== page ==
You may think it’s all Sangria and Paella in Spain. But you’d be wrong!
Each province in Spain usually has a reputation for a certain type of food, dish or drink. And the Basque Country is no different.
The Pais Vasco (in particular San Sebastian) is known for its culinary excellence. But it doesn’t stop with the food. The Basque country has some traditional Basque drinks that aren’t readily available elsewhere in Spain, let alone elsewhere in the world.
In this article, we’ll run through some of the unique Basque drinks that you must try on a trip to the Basque Country!
Basque drinks that are a must try
You’ll need something to wash down all the fine txuleta (steak) and pintxos when in the Basque country. So why not give some of the traditional Basque drinks below a try?
1. Basque Cider
Perhaps the most famous Basque drink is the basque cider. Locally and seasonally produced, it’s common for most cider to be made with Basque apples using traditional methods.
This isn’t your typical Strongbow cider either. It’s a natural, cloudy cider that is much drier than most European ciders with an acidic hint to it.
But perhaps the most memorable thing about the cider is how it’s poured. Naturally Basque cider contains little gas so requires pouring from a height to “break” it. It can lead to quite a spectacle – and a messy table!
The best way to taste the cider is at one of the local siderias (Basque cider houses). There are over 100 within 10km from San Sebastian!
These establishments have long traditions. They usually serve a fixed priced food menu containing cod omelette, fried cod with peppers, finished with a huge steak and as much cider as you want!
2. Txakoli wine
Txakoli wine, pronounced (chah-kuh-lee), is one of the Basque Country’s greatest ambassadors for the region’s excellence in food and drink, thanks to its inclusion in some of the best restaurants in the region.
It’s a traditional wine with origins from the Gipuzkoa region of the Basque Country, the province of San Sebastian. In 2007, Gipuzkoa and its 400+ hectares of vineyards was recognised as a Designation of Origin with the name Getariako Txakolina (extended from previously being just the town of Getaria).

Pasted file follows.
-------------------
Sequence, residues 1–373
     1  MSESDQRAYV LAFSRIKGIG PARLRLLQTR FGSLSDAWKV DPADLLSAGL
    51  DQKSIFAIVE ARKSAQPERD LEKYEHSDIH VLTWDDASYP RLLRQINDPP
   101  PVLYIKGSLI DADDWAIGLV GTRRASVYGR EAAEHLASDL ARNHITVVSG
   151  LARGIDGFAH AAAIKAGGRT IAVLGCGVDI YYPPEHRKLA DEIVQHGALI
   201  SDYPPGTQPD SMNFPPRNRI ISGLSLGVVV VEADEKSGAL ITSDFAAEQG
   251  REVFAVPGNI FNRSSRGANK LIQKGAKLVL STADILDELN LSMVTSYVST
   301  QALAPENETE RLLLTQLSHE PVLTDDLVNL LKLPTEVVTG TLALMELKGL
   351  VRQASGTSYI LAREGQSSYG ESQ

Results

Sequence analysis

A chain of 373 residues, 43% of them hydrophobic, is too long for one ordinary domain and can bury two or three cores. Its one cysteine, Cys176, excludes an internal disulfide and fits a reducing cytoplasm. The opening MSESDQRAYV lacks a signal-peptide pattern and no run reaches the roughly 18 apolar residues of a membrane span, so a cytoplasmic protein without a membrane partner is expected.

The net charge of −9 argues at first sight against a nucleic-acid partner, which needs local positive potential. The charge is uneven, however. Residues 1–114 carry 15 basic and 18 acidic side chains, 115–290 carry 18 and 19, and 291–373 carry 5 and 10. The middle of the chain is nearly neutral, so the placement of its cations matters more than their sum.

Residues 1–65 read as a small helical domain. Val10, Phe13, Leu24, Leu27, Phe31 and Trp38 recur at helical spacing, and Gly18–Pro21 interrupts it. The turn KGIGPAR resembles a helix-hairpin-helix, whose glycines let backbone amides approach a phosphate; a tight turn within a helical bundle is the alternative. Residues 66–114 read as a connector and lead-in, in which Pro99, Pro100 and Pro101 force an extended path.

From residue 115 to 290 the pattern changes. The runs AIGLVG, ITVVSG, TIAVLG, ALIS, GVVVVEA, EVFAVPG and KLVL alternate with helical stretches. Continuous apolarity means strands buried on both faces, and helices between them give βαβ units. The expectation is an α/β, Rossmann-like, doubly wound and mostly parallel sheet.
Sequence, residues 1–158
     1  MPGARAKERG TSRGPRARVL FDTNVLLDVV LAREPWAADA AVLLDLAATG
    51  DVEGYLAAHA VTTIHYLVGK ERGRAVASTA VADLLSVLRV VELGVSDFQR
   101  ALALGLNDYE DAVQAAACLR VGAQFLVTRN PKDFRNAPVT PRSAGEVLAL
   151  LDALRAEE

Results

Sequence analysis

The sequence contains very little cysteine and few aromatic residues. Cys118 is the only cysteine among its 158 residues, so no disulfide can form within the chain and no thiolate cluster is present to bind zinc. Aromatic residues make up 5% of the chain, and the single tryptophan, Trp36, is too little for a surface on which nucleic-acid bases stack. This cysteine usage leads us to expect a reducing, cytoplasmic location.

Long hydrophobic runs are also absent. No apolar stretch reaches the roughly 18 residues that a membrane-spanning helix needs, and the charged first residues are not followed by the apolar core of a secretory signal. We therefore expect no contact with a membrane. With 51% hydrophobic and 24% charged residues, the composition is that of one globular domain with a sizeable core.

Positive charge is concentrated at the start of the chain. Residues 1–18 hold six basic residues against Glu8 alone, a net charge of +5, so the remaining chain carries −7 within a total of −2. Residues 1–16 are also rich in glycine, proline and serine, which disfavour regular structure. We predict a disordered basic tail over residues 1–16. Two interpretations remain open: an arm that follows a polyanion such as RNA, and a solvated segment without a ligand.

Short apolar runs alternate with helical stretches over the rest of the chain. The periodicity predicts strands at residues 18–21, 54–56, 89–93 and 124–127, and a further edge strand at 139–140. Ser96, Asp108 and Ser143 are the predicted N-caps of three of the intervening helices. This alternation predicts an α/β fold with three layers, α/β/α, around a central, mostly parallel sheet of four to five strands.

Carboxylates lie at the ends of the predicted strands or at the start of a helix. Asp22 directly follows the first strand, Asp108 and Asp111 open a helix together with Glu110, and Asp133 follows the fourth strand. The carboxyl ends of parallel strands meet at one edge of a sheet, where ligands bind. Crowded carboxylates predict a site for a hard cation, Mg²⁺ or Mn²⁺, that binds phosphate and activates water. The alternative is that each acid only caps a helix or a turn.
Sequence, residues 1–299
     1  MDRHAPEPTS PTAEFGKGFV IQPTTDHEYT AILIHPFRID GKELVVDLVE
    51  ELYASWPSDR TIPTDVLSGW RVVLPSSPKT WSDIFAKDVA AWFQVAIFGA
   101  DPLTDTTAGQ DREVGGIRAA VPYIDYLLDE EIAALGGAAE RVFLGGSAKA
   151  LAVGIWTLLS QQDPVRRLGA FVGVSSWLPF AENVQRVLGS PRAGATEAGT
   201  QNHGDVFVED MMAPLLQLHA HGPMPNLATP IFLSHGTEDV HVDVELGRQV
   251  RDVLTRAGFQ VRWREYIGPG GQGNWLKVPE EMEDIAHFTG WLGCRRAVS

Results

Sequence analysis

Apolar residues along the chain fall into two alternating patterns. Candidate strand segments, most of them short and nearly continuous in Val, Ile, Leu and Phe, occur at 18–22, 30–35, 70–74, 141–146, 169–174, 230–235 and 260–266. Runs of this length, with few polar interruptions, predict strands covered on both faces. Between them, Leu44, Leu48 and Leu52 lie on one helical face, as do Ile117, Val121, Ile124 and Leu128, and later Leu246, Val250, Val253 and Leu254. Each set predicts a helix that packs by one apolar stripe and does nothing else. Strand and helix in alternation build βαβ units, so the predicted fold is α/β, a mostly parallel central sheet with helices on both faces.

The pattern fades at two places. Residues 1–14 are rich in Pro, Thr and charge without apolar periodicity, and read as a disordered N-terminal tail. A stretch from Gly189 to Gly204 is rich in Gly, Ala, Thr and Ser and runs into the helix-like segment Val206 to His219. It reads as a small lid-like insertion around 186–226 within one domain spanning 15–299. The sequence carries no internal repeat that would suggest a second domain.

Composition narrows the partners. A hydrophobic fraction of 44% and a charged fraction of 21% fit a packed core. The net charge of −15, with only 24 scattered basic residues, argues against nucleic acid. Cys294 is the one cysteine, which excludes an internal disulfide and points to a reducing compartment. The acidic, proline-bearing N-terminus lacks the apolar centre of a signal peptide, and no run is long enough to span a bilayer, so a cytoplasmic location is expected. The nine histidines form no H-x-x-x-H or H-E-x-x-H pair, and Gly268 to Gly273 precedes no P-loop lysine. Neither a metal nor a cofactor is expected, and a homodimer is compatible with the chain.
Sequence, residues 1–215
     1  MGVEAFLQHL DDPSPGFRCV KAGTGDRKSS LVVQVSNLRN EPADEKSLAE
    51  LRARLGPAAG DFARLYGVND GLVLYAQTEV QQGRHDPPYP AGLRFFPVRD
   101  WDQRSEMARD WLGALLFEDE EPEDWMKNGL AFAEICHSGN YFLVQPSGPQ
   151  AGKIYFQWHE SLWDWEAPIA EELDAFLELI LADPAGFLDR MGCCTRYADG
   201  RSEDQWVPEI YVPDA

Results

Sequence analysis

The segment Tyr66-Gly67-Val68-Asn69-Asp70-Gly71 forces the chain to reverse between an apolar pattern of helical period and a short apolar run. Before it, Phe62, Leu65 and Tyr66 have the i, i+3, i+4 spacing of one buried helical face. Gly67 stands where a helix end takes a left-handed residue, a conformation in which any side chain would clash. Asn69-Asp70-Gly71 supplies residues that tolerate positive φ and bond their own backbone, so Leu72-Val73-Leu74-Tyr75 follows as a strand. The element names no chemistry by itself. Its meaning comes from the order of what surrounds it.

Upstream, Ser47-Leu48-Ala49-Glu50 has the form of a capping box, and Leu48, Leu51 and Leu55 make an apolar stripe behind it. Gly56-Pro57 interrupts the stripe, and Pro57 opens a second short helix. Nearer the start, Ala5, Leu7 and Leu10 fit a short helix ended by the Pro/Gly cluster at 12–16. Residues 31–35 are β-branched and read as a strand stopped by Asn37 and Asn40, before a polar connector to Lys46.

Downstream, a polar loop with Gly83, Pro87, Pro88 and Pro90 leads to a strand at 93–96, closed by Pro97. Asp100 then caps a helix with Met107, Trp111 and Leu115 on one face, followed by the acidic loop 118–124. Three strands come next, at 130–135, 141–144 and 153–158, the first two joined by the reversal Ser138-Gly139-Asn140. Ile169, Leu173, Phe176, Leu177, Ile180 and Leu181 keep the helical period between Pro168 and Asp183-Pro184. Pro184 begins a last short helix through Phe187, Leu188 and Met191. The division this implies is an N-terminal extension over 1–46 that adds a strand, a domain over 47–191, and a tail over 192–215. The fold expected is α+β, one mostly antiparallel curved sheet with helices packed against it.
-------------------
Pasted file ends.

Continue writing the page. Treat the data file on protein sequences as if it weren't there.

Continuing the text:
The txakoli vineyards are traditionally located at high altitude, close to the sea. This is what gives the wine its unique naturally acidic and crisp tones.
But much like Basque cider, txakoli is most unique for the way it’s served.
Instead of being served in a stem glass, it’s recommended that txakoli is served in a tall, flat-bottomed glass. And similar to the cider, it’s recommended to pour the wine from 8-10 inches above the glass which is said to agitate the wine and release its flavours.
What you’re left with is another spectacle. And another messy table!
3. Rioja Alavesa
Sticking with the theme of wine, just an hour and a half drive away from Donostia is one of the most recognised wine regions in the world, La Rioja.
If you’re particularly interested in wine, it makes a great day trip from San Sebastian.
The La Rioja wine region is divided into three sub regions; Rioja Alta, Rioja Oriental (or Baja) and Rioja Alavesa – which forms part of the Basque Country in the Álava province.
The Alavesa region shares a similar climate to the Alta region, but subtle differences in vine density and soil conditions produces a wine with a fuller body and higher acidity (a common theme in basque drinks).
The sub region is the smallest of the Rioja regions, but the wine is generally considered of exceptional quality.
Due to its popularity, the wine is more readily available throughout the rest of Spain (and even in Europe). But if you want to take some home with you, you can pick some up in one of the shops in the Old Town of San Sebastian.
After a heavy meal you’re going to want something to wash it all down. And that’s where the basque drink patxaran comes into play.
Patxaran (or pacharán in Spanish) is a liqueur made from sloe bush berries. The berries produce a recognisable light reddish-brown colour.
The drink has origins from Navarra from as early as the Middle Ages, and like txakoli until the mid 1900’s it was primarily homemade.
Today however, patxaran is more commercialised and has a Denomination of Origin in Narrava. There are also strict rules on the processes for making the drink for it to be considered an authentic Pacharán Navarro.
In terms of taste, it has an intense, sweet, fruity aroma. It usually contains 25-30% alcohol.
Whilst the Basque people love drinking wine and cider with their meals, it’s not something you can carry on drinking all night. At some point, there’s a need to switch up to something else.
One of the most popular copas (alcoholic drinks) in the Baque Country is kalimotxo (or calimocho in Spanish).
It’s technically a “cocktail”, with equal measures of red wine and cola, served with ice.
Given the cola dilutes the taste of the wine, it doesn’t need to be the best wine in the world to get the authentic kalimotxo taste. In fact, the cheaper the wine, the better. For this reason, it’s a popular drink amongst teenage cuadrillas (groups of friends) in the Basque Country.
You can’t come to the Basque Country without trying some of the famous pintxos! But the best way to experience them is going from bar to bar on a pintxo crawl in San Sebastian.
The problem is, sometimes there’s not enough time to drink a full caña (beer). So, in the 60’s the zurito started to appear in bars as an alternative.
A “zurito” is a small sized beer, usually about 150ml. It’s the perfect companion to wash down a pintxo – especially if you’re going to a number of different pintxo bars!
There’s not much else to it, but it’s a pretty unique drink that’s readily served in most towns across the Basque Country and isn’t common anywhere outside of the area.
So just remember, a “caña” is a normal beer and a “zurito” is a smaller beer.